Idaho doctors can offer a compassionate option

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Compassion & Choices works in courts, legislatures and communities to protect and expand individual rights and liberties at the end of life. We work to improve end-of-life care in many ways, promoting policies to improve pain and symptom management, to ensure that patients have information about, and the ability to choose, options that are most consistent with their values and beliefs, including the right to choose aid in dying.

Aid in dying refers to the request of a mentally competent, terminally ill patient for a prescription from their physician for medication that they can consume to bring about a peaceful death. As medicine has progressed, one of the challenging realities is that for some terminally ill patients dying can be so prolonged and agonizing that they find themselves trapped in a process they find unbearable. Few states have addressed aid in dying in their statutes. Oregon and Washington have made the practice affirmatively legal by statute. The right of Montanans to choose aid in dying was recognized by a recent decision of the Montana Supreme Court.

Idaho is situated in the middle of this group of states. Idaho does not have a statute specifically addressing aid in dying, either to permit or prohibit the practice. It does not even have one of the vague statutes that makes a crime of assisting another to "commit suicide." Accordingly, in Idaho, physicians can provide aid in dying subject, as is most medical practice, to the standard of care developed by the medical profession. Idaho physicians can look to the standard of care in Oregon, Washington, and Montana, as it is evolving among medical professionals in these surrounding states. I will discuss this option when I speak to the Idaho Medical Association at its July 17 conference in Boise. I invite Idaho physicians who provide care to terminally ill patients and who support patients being able to choose aid in dying to hear this presentation.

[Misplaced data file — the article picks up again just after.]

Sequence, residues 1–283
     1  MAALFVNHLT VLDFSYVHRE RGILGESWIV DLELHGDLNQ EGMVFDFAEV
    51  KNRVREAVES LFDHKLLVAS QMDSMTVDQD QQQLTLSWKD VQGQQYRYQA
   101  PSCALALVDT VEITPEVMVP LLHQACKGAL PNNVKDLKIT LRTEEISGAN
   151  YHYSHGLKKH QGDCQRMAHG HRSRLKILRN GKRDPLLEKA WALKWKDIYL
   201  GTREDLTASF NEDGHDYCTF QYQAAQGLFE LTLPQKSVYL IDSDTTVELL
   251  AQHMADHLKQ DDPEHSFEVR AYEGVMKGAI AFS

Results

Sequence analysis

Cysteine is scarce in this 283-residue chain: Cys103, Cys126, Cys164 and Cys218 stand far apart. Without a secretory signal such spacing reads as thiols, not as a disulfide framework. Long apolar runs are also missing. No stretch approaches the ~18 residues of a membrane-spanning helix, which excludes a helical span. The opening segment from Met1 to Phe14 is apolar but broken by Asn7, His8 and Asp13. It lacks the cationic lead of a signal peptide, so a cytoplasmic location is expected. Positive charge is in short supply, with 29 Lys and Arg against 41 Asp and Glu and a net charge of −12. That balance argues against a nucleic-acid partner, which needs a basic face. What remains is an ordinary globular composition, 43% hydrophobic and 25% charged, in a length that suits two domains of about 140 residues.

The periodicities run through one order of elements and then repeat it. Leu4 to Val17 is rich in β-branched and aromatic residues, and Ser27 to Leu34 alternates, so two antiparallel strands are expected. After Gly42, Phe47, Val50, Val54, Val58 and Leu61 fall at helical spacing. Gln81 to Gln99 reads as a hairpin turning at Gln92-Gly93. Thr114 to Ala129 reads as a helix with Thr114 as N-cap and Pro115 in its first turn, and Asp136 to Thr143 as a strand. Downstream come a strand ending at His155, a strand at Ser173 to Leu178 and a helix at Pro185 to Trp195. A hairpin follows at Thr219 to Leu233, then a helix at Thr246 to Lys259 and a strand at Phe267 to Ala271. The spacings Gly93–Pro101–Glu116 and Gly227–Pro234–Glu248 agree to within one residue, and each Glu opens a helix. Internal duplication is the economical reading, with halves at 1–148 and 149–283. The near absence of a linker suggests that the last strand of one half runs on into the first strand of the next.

Although some vocal and powerful minorities are opposed to patients having this choice, aid in dying is widely supported by the public as well as medical and public health organizations. Idaho physicians can look to policies on aid in dying that have been adopted by the American Medical Women's Association (AMWA), the American Medical Student Association (AMSA), the American College of Legal Medicine (ACLM), and the American Public Health Association (APHA).

Tragedies like the recent case in Meridian can be avoided. There, an elderly couple were both dying of cancer. In April, the 87-year old man shot and killed his 90-year old wife, and then turned the gun on himself. As Idaho physicians begin to offer aid in dying among other end-of-life care options, including pain and symptom management and hospice care, terminally ill patients will have an additional compassionate end-of-life option should they find themselves trapped in a dying process they find unbearable.

Kathryn L. Tucker is a resident of Ketchum, Idaho. She is a graduate of Georgetown University Law School, and serves as Director of Legal Affairs for Compassion & Choices, a national non-profit public interest organization dedicated to improving end-of-life care and expanding and protecting the rights of the terminally ill. She will be speaking at Unity Church in Coeur d'Alene Saturday at 1 p.m.

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